Proteomics International Laboratories Ltd (ASX: PIQ) has received positive results from an early version of the company’s potential world-first blood test for endometriosis, which has successfully detected up to 78% of people with the painful condition.
The results are being presented at the Fertility Society of Australia and New Zealand Annual Conference (FSANZ 2022) being held in Sydney, 30 July – 2 August 2022.
Endometriosis is a common and painful disease that affects one in nine women and girls, often starting in teenagers. It occurs when tissue similar to the lining of the uterus grows into other parts of the body where it does not belong.
At the moment, there is no simple way to test for the condition, which often causes pain and infertility, and costs Australia $9.7 billion each year.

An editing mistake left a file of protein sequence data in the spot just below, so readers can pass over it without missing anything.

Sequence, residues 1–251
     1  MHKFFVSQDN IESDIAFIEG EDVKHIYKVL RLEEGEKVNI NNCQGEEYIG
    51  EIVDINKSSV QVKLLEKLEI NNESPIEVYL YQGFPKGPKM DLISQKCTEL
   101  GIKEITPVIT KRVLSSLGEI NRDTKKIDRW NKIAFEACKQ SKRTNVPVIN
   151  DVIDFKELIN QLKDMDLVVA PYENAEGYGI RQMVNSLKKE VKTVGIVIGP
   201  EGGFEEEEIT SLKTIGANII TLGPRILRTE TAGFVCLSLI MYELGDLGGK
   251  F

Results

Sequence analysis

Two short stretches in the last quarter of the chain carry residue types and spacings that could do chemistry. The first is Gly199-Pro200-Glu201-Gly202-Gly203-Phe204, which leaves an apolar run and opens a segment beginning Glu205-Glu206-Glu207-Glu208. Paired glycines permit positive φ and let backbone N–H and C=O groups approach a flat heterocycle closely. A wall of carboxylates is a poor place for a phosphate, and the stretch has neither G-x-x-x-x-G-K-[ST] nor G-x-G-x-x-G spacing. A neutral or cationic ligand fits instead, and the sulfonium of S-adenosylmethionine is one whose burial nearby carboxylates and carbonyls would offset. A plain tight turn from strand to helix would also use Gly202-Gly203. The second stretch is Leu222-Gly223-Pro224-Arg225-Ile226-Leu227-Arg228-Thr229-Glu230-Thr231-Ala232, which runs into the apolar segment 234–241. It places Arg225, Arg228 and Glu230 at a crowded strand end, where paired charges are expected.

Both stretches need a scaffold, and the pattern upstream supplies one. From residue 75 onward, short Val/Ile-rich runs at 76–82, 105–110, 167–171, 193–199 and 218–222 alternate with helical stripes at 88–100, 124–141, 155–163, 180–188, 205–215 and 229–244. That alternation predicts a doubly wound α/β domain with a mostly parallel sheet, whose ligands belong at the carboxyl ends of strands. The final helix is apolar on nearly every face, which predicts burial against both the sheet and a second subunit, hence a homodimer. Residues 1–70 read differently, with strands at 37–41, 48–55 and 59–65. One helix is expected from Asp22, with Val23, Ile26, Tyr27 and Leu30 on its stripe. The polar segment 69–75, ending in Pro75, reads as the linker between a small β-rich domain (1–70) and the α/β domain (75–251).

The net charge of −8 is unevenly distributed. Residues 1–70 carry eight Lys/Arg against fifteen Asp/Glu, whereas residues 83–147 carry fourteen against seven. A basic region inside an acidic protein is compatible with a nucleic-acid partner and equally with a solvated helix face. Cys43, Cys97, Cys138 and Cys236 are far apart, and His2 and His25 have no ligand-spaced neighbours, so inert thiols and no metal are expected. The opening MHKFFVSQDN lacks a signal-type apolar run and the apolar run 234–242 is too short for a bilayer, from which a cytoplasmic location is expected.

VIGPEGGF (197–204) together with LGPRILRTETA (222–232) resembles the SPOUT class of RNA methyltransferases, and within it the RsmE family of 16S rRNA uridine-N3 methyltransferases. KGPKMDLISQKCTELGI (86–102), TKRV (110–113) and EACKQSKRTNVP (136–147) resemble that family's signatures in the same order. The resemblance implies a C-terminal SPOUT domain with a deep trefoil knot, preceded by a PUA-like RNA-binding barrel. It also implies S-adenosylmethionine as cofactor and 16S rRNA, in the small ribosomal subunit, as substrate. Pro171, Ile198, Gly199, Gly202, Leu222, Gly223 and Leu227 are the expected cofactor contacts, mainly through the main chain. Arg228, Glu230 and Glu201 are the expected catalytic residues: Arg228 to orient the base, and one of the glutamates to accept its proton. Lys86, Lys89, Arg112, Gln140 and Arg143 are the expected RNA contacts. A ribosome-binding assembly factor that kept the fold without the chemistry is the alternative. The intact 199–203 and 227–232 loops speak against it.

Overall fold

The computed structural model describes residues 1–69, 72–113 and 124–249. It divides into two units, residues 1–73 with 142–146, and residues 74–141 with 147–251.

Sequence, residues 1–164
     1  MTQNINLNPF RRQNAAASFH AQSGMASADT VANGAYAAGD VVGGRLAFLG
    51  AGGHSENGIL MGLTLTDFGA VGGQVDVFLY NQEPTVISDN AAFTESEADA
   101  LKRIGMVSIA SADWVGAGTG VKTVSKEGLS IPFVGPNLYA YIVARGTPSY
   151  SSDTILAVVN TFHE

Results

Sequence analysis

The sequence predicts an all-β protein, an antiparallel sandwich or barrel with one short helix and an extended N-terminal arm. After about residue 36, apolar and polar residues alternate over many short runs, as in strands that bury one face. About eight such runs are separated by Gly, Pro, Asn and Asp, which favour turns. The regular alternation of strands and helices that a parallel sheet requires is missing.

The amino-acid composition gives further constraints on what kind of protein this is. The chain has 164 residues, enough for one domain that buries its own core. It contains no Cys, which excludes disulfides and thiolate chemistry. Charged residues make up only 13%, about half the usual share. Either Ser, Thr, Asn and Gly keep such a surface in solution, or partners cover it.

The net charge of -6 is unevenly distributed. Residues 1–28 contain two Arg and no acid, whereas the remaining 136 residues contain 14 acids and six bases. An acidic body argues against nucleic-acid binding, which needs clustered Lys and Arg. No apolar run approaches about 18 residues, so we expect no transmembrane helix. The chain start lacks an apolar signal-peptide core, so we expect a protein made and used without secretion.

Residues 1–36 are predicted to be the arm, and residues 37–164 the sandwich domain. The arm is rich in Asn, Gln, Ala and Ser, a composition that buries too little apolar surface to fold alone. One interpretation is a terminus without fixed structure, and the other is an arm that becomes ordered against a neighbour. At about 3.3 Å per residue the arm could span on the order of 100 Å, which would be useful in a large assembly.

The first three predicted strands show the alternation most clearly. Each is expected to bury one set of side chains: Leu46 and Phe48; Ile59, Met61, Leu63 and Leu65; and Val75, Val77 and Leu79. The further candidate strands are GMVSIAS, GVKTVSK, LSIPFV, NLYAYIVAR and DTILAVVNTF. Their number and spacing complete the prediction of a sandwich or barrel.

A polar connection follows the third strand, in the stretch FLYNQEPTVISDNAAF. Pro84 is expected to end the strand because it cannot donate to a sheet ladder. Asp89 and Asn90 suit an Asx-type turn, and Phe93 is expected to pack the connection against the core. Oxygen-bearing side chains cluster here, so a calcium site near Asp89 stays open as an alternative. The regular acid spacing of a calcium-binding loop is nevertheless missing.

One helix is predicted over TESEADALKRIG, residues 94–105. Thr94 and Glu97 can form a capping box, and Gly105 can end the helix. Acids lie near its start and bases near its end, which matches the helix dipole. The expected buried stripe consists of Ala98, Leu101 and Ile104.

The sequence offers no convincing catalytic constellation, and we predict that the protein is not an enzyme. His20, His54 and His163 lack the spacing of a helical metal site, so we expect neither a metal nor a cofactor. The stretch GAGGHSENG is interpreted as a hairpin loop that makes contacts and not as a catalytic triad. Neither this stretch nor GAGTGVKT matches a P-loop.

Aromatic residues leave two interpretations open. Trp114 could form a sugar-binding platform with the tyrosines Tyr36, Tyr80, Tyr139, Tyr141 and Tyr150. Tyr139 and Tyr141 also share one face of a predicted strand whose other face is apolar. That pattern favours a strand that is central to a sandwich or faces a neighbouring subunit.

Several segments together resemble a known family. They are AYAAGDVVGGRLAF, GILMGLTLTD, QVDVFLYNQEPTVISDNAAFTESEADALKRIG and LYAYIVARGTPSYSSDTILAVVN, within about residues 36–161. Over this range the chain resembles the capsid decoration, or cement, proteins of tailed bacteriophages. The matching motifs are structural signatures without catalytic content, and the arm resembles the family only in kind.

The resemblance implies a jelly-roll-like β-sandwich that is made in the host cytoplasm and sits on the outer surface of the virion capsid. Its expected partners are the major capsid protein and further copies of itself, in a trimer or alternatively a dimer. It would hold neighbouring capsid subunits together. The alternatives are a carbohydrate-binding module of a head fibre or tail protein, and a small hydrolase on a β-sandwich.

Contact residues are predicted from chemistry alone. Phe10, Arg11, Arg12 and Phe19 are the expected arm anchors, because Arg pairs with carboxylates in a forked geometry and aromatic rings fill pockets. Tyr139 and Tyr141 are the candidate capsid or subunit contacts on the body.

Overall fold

The current gold standard for detection is an invasive laparoscopy, a surgical procedure where a camera is inserted into the pelvis through a small cut in the abdominal wall. On average, it takes women 7.5 years to be diagnosed.
Proteomics International Managing Director Dr Richard Lipscombe said that while the test’s diagnostic performance is promising, we expect it can be further developed to make it even more accurate.
“It is exciting to have a simple blood test that may be able to correctly diagnose endometriosis in 70- 80 per cent of cases. At the same time, we’re optimistic we can refine the test to further improve the sensitivity and specificity and make it more accurate for patients.
“Until now, the standard of care to test for endometriosis has been through an invasive surgical procedure,” he said.
“The results are highly encouraging and a significant start in the development of a potential world first simple blood test, that could diagnose this disease earlier and without an invasive surgery.”
The company anticipates that this additional analysis will be completed in stages over the next 2-6 months.
If successful, the outcome would be a clinically validated blood test(s) able to offer simpler and earlier diagnosis of endometriosis or the disease’s sub-categories.
Proteomics International believes a validated test will garner significant interest, both commercially and in the clinic.